|SARS’s reputation needs urgent repair, say business bodies|
13 October 2014:
URGENT repairs are needed to the South African Revenue Service’s reputation if it hopes to retain the trust of the taxpaying public, after reports it is running a rogue unit to gather personal tax information, leading tax and business industry bodies said on Monday.
The South African Revenue Service (SARS) has been battling to restore its integrity ever since former commissioner Oupa Magashula left in disgrace a year ago following an investigation into his propriety.
Its reputation suffered another blow at the weekend with reports it may have been running a rogue unit to illegally intercept personal tax information, including that of Jacob Zuma before he became president.
The South African Institute of Tax Practitioners (Sait) — the largest body of tax professionals in the country — said it hoped rogue SARS officials had not “crossed the line” by illegally gathering intelligence on taxpayers, as this could lead to taxpayers themselves justifying less moral practices.
South African Chamber of Commerce and Industry CEO Neren Rau said SARS was going through a period of challenges to its reputation and the new commissioner — Thomas Moyane, who was appointed only two weeks ago — needed to deal with them as a matter of urgency.
“As a chamber we encourage our members to abide by the law, so it would be unfair if regulatory authorities were performing in an illegal manner. SARS needs to be seen as an institution of integrity,” he said.
Sait CEO Stiaan Klue said while he could understand why SARS should be allowed to gather intelligence — as it had a tough job of catching crooks who did not operate according to any laws — this needed to be legal.
“It is important they are empowered to do so and enforcement is in compliance with laws,” he said.
Mr Rau said he was concerned by allegations that a secret fund may have been used. A Sunday Times exposé published at the weekend said a special unit within SARS had illegally intercepted the e-mails and phone calls of taxpayers, flouted internal policies to secretly recruit agents, and agents were paid from a secret cost centre.
“If you are an institution embracing transparency and integrity, then all reporting and funding should be disclosed. You can’t demand transparency and openness from (taxpayers) if you are not,” he said.
SARS spokesman Adrian Lackay said on Monday it would “not respond to Sunday Times news articles”, other than to say: “There were a number of factual inaccuracies.”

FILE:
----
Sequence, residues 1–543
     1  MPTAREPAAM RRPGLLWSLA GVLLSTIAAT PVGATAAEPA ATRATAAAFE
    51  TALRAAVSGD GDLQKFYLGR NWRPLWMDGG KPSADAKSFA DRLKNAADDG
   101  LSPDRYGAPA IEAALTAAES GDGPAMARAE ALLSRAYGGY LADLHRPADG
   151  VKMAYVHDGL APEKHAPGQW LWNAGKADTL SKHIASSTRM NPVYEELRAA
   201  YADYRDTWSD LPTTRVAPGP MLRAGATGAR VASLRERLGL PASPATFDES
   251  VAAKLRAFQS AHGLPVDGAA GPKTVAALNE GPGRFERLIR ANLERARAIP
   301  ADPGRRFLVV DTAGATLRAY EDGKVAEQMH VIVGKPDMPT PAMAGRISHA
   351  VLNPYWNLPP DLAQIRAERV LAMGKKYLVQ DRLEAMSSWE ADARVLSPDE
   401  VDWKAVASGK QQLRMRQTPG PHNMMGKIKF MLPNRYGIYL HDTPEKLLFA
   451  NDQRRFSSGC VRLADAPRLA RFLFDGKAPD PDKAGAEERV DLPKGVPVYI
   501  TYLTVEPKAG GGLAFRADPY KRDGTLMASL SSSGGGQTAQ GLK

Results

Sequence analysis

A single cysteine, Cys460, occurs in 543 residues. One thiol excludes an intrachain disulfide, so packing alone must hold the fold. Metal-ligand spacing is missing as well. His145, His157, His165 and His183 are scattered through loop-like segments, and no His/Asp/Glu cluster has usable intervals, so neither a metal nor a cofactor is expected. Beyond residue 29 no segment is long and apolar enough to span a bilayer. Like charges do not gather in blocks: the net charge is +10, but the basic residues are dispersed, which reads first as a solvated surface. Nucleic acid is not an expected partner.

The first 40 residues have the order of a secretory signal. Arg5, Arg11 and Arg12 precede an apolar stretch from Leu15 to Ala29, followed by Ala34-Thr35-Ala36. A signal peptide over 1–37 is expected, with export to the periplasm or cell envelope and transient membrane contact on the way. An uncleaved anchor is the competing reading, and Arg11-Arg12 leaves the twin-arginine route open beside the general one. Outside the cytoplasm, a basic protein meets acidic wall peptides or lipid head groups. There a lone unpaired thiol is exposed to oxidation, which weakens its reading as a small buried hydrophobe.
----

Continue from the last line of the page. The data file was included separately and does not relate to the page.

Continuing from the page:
Advocate Muzi Sikhakhane was appointed in early September to lead an external committee of investigation into complaints of impropriety against Johann van Loggerenberg, SARS enforcement head. This committee was instructed to conclude its investigation within 45 days of being established, but SARS said on Monday the report could be expected towards the end of October, or early November, as the committee only started working more than a week after being established.
“They may even request more time,” said Mr Lackay.
The weekend article held proof that the unit intercepted phone calls and e-mails, contained in WhatsApp discussions, seen by Sunday Times reporters, between Mr van Loggerenberg and his former lover, Pretoria-based attorney Belinda Walter. At the time the pair were romantically involved, she represented a number of high-profile tobacco producers under investigation by Mr van Loggerenberg.
Sait said SARS had to remain independent from any political interference — this was why SARS was now a separate unit of government (it used to be housed within the National Treasury).
“SARS is seen as the morally outstanding state department, so they must be independent. It will be prudent if they come out with a strong statement on their independence,” said Mr Klue.
The “rogue” unit — allegedly set up by former acting commissioner Ivan Pillay as far back as February 2007 — was reported to have broken into Mr Zuma’s private home to plant listening devices. At the time Mr Zuma was in the running for the ANC presidency, but had been fired as deputy president.
Allegations of a secret meeting between SARS and Economic Freedom Fighters leader Julius Malema, when he was still president of the African National Congress Youth League, over an intelligence dossier, surfaced a year ago.
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